Is special education a kind of classification game?

Assume that there is a finite number of at-risk children who fumble and stumble along in need of extra help somehow.

Does it matter how these children are classified?

Is the diagnostic prescriptive model simply passe? It seems so. The science of child intervention now emphasizes similar behavioral and cognitive principles for many areas of disability.

Learning is learning is learning.

Under-, over-, and late- identification errors do not increase or reduce the number of children who need help. It does move them around programmatically, and this might be some kind of advantage for school personnel.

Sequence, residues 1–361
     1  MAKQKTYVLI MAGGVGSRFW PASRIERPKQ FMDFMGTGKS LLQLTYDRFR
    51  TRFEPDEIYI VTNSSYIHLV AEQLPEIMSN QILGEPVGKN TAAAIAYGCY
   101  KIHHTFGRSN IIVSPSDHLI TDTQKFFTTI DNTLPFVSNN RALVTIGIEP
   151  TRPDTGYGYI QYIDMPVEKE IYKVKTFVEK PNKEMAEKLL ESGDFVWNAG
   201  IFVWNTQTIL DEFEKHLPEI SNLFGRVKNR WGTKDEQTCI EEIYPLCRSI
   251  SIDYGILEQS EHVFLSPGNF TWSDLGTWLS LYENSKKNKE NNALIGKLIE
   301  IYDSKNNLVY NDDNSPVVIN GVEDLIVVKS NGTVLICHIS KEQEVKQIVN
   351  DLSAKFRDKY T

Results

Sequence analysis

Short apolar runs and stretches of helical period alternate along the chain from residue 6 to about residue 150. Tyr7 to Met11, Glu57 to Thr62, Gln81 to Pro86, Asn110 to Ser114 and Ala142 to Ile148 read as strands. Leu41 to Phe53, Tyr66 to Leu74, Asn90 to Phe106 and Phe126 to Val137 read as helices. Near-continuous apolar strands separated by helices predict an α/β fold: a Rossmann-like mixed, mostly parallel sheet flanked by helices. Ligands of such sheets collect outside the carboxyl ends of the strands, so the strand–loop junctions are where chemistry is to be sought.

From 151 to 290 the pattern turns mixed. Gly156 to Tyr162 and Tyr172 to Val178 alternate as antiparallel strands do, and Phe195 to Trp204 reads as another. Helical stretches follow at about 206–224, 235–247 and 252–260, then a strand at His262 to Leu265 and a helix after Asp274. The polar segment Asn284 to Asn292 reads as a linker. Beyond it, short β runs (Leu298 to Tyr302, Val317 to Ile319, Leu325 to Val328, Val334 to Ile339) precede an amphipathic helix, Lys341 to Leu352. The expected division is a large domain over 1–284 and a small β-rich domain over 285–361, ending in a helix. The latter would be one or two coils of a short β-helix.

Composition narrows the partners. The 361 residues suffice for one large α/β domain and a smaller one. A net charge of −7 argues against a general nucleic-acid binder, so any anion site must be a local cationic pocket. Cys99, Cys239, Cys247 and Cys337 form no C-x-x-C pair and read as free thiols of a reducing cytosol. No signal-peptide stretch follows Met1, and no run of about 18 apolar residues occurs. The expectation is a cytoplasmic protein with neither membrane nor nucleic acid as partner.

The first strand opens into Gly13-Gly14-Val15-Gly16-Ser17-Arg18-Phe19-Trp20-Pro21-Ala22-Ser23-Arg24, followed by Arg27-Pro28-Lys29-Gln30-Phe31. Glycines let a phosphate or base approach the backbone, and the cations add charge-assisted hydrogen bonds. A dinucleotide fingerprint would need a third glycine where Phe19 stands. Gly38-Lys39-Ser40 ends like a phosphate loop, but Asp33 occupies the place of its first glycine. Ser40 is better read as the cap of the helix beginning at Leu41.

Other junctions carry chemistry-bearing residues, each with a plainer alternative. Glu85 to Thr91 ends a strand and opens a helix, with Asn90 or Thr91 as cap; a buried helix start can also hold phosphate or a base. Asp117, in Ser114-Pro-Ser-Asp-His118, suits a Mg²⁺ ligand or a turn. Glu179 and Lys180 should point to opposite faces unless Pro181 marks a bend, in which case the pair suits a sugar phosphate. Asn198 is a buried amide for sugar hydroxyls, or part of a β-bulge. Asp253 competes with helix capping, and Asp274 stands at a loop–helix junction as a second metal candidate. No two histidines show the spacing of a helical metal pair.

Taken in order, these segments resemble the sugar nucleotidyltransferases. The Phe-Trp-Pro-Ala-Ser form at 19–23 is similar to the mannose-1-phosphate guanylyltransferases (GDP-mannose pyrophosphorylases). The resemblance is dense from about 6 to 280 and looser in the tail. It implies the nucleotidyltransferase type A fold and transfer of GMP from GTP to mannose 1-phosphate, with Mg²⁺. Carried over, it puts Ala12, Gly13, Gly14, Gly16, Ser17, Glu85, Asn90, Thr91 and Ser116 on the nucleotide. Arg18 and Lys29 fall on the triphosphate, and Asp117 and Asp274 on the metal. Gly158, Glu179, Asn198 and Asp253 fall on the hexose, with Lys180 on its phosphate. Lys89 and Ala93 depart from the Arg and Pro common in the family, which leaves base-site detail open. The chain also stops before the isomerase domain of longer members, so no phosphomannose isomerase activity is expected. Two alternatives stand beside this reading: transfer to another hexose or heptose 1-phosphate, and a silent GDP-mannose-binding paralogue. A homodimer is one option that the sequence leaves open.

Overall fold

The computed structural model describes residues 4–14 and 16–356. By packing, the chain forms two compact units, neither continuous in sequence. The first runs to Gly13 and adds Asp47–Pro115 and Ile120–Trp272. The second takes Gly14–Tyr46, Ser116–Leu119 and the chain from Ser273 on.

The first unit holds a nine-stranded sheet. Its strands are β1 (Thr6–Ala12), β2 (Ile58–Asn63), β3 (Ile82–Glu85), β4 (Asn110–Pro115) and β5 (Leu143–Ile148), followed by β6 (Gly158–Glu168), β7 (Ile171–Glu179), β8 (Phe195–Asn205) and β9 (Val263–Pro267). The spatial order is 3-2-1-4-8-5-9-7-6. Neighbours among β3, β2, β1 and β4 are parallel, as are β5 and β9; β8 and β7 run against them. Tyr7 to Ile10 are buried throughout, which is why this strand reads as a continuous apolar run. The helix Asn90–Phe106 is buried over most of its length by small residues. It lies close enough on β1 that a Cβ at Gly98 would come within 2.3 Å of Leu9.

For example, what do you do with a boy who has to repeat first grade? This is an under-identfied group (males). But the problems of how to help boys catch up remain the same. Does classification make a difference?

Some argue against classification: (1) expectations are lower for special education children; (2) a stigma attaches to special education status.

Think of all the time and money Congress puts into trying to solve the problem of “misidentification.”

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